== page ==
EXTRACT for Replica

©Lauren Oliver, 2016

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3. GEMMA - ONE

ESCAPE: THAT WAS WHAT GEMMA dreamed of, especially on nights like this one, when the moon was so big and bright it looked like it was a set piece in a movie, hooked outside her window on a curtain of dark night sky.

In movies, teenagers were always sneaking out. They’d wait until their parents went to bed, ease out from under their blankets already dressed in miniskirts and tank tops, slide down the stairs and unlatch the lock and pop! They’d burst out into the night, like balloons squeezing through a narrow space only to explode.

Other teenagers, Gemma guessed, didn’t have Rufus: a seventy-five-pound retriever who seemed to consist entirely of fur, tongue, and vocal cords.

“Shhh,” Gemma hissed, as Rufus greeted her at the bottom of the stairs, wiggling so hard she was surprised he didn’t fall over.

“Are you all right?”
She’d been awake for only a minute. But already her 
mother was at the top of the stairs, squinting because she didn’t have her contacts in, dressed in an old Harvard T-shirt and sweatpants.

“I’m fine, Mom.” Gemma grabbed a glass from the cabinet. She would never sneak out. Not that she had any- where to sneak out to, or sneak out with, since April’s parents kept her just as leashed up as Gemma’s did.

Still, she imagined for a second that she was halfway to the door, dressed in tight jeans and a shirt that showed off her boobs, the only part of her body she actually liked, on her way to hop in her boyfriend’s car, instead of standing in a darkened kitchen in her pajamas at eleven p.m. on a Wednesday night while Rufus treated her ankles to one of his signature lick-jobs. “Just needed some water.”

“Are you dehydrated?” Her mom said dehydrated as if it meant dying.

“I’m fine.” Gemma rattled the ice in her glass as she returned up the stairs, deliberately avoiding her mom’s eyes. “Go back to bed, okay?”

Her mom, Kristina, hesitated. “Let me know if you need anything, okay?”

“Uh-huh.” Gemma shut her bedroom door in Rufus’s face, not caring that he immediately began to whine. She set the water on her bedside table and flopped back onto the bed. The moon made squares on her bare legs, cutting her skin into portions of light and dark. She briefly let herself imagine what Chloe DeWitt and Aubrey Connelly were doing at that very second. She’d always been told she had a vivid imagination, but she just couldn’t picture it. What was it like to be so totally, fundamentally, ruthlessly normal? What did they think about? What were their problems? Did they have any problems?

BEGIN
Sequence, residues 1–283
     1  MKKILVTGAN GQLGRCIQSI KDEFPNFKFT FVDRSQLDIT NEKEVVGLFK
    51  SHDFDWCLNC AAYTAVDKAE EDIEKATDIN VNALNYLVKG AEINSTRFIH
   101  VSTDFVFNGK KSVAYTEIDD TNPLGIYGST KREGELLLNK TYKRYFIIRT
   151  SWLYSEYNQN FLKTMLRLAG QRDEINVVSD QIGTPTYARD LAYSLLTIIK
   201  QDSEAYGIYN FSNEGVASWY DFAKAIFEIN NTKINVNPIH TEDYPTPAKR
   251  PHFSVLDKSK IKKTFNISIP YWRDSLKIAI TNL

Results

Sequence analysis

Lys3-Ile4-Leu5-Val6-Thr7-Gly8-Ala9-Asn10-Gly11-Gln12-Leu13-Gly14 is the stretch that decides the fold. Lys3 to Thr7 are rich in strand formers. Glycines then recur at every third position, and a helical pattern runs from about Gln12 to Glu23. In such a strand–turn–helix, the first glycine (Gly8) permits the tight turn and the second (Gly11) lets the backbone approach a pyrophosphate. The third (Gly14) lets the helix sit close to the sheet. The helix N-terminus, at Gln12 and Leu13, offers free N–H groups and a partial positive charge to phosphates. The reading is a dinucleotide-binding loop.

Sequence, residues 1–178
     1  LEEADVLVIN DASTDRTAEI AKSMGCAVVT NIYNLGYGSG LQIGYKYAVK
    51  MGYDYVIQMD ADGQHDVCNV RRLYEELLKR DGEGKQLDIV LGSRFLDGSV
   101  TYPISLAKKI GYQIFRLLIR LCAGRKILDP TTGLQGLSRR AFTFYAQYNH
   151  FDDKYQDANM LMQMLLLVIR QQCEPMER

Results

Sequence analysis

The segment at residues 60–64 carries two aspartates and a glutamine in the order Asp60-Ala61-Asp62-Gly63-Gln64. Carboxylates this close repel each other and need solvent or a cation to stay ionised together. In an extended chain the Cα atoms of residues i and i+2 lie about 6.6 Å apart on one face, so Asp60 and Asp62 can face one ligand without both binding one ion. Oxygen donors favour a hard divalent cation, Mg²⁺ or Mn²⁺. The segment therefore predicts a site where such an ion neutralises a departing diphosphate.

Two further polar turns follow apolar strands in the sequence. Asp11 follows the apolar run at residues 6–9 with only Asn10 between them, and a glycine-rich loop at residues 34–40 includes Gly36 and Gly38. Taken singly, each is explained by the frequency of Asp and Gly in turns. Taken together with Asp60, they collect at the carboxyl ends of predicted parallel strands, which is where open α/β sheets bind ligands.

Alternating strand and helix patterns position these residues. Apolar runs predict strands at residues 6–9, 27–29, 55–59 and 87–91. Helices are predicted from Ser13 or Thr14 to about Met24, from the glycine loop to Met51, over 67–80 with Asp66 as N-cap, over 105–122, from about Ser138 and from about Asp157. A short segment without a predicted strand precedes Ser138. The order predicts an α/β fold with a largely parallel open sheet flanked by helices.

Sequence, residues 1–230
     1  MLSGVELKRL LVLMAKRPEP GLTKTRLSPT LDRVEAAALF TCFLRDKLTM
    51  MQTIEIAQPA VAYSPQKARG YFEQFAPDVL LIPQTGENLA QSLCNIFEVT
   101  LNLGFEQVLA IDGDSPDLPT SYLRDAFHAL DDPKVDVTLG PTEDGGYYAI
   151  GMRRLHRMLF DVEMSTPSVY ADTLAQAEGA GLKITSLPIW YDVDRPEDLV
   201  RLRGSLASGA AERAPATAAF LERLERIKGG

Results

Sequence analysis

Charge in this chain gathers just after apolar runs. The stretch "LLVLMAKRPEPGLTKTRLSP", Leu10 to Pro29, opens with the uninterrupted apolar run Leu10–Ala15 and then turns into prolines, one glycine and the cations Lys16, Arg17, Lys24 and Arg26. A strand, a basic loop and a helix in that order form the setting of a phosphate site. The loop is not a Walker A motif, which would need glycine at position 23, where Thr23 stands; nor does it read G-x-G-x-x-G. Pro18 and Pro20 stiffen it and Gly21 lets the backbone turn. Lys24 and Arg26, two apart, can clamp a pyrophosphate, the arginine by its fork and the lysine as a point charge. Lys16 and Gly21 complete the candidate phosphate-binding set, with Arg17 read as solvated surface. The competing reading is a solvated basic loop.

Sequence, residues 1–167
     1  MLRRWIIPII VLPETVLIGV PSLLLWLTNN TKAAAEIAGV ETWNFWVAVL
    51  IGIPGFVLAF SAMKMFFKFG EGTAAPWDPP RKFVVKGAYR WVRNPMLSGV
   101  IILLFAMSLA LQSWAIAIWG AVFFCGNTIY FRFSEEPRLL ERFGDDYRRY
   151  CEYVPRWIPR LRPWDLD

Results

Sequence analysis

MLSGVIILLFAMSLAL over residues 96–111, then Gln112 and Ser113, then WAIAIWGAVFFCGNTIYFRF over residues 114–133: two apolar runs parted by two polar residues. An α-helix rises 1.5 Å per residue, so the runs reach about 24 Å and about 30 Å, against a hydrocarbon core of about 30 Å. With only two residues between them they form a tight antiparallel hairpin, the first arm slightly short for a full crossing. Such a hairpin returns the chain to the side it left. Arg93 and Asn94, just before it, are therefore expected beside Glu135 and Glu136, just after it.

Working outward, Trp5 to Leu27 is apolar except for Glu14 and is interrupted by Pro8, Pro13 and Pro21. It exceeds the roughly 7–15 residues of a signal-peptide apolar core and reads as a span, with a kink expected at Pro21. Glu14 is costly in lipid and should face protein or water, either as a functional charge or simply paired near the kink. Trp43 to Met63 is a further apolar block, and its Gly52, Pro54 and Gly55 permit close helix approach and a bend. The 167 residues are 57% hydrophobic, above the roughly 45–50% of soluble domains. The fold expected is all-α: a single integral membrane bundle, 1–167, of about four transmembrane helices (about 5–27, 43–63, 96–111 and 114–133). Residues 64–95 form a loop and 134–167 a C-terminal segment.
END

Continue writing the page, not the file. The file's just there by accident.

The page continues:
Rufus was still whining. Gemma got out of bed and let him in, sighing as he bounded immediately onto the bed and settled down exactly in the center of her pillow.
She wasn’t tired yet, anyway. She sat down instead at the vanity that had once belonged to her mother, an ornate 
Victorian antique she’d loved as a child and hadn’t been able to tell Kristina she’d outgrown. She’d never been able to tell her parents much of anything.

The moon made hollows of her eyes in the mirror, turned her skin practically translucent. She wondered if this was how her parents always saw her: a half ghost, hovering somewhere between this life and the next.

But she wasn’t sick anymore. She hadn’t been sick in years, not since she was a little kid. Still, they treated her as if she might suddenly blow away, like a human house of cards, disturbed by the lightest touch.

She herself could barely remember all those years of sickness—the hospital, the operations, the treatments. Coping, her therapist said. An adaptive defense

She did remember a garden—and a statue, too. A kneeling god, she thought, but she couldn’t be sure, with one arm raised to the sky, and the other reaching toward the ground, as though to draw something magic from the earth. 

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